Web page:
I’m still basking in the afterglow of a night filled with love, community, good food, soulful music and awareness/fund-raising about Anti-NMDA Receptor Encephalitis.
As the adrenaline starts to slowly fade, I thought I’d share the words I spoke last night, on the off chance somebody out there couldn’t make and is interested in reading them, or somebody heard me speak last night but wants a written copy of what I said.
Thanks for the love, laughter and tears last night. My heart is full of your love today, and I know I will carry that with me as I move forward with my recovery and beyond.
I want to start by thanking everybody who’s here tonight. Whether you’ve been supporting me and my family for the past 23 years or I’m just meeting you now, I can’t express how much your presence means to me.
This past year has been a wild and surreal journey. To tell the truth, much of it is still sinking in, and a large portion is probably lost to me forever.
But despite these lapses, I’ll do my best to tell you an abbreviated version of my experience with Anti-NMDA Receptor Encephalitis. There will be gaps, but I’ll try to tell my personal truths.
A year ago, to this day, I was in Paris. I had just wrapped up a successful position as a journalist and was poised to move from Toronto home to Vancouver, where my friends, family, and a new job were waiting.
The move was sudden but successful, and my transition into my new workplace was challenging in all the right ways. I was ready for my boyfriend and my cat to arrive in my home city, when all of the sudden, I stopped sleeping.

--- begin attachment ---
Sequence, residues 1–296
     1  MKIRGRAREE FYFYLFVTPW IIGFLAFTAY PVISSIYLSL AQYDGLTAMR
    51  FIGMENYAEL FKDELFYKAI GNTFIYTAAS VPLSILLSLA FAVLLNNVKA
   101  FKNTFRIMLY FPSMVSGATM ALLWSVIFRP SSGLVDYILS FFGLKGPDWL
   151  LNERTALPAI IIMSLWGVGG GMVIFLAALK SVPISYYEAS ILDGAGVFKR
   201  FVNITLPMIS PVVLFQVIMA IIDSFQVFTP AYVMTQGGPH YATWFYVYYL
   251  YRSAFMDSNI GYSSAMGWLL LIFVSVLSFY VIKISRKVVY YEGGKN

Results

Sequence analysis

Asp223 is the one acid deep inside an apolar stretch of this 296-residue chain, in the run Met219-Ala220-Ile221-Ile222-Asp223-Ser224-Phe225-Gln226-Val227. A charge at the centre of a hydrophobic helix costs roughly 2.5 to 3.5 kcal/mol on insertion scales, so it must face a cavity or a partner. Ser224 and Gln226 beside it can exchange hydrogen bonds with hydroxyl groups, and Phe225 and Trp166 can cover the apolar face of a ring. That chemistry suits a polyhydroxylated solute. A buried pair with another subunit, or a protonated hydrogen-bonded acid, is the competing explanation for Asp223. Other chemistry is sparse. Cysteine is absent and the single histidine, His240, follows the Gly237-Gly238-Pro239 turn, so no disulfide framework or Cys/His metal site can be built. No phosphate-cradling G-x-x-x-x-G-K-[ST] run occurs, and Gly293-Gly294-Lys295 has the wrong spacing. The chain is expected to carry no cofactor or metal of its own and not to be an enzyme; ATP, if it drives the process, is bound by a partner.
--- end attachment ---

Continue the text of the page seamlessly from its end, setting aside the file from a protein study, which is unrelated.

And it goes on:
My relentless insomnia lasted three weeks, but as far as I know went largely unnoticed to the outside world. By the final day of sleeplessness, however, I was growing panicked. I called my partner from the Seabus terminal and told him, “I don’t think I can do this much longer.”
That night, lying in bed, my calf muscle suddenly seized up, and I blacked out. I awoke to paramedics looming over me. I’d had a grand-mal seizure and needed to be rushed to the hospital. Once there, I was processed in emergency and taken to a room to await a doctor’s assessment. While waiting, I experienced another violent seizure, and became so aggressive that they put me into a coma.
When I woke up 8 hours later, I was in a hospital bed, with no memory of the various tests my body had been put through. I saw a neurologist, who told me that, as far as they could tell, there was nothing seriously wrong with me. I snapped a selfie and sent it to my best friend in Toronto, to prove I was alright.
At my insistence, I was released and told to return for a sleep deprived electro encephalogram, the test where they stick a bunch of wires to your head so you look like an electronic medusa. The results of that also came back clean.
I started to see a psychiatrist on a weekly basis, and he put me on sleeping pills and prescribed anti-anxiety medication. After four weeks of appointments, he referred me to a counselor, who diagnosed me with “Adjustment Disorder,” or “Major Depressive Disorder,” brought on by the stress of my move.
She attempted some talk therapy with me, but by this point I was finding it harder and harder to communicate. For most of our sessions, I was entirely quiet.
Outside of my doctors appointments, my behaviour was growing increasingly erratic. I’ll spare you the details, but I can tell you that I was not myself. I experienced “fight or flight” responses to situations that shouldn’t have been stressful, and lashed out at the people I loved most. Now, when I look back at photographs of this summer, I can see that my eyes seem dull and vacant, as if I was really somewhere else.
By the end of the summer and early fall, the situation was growing extreme. I began to have vivid, life-like dreams that left me emotionally drained and confused about reality. Social situations were essentially impossible. I was put on anti-psychosis medication that did nothing to ease my emotional turmoil.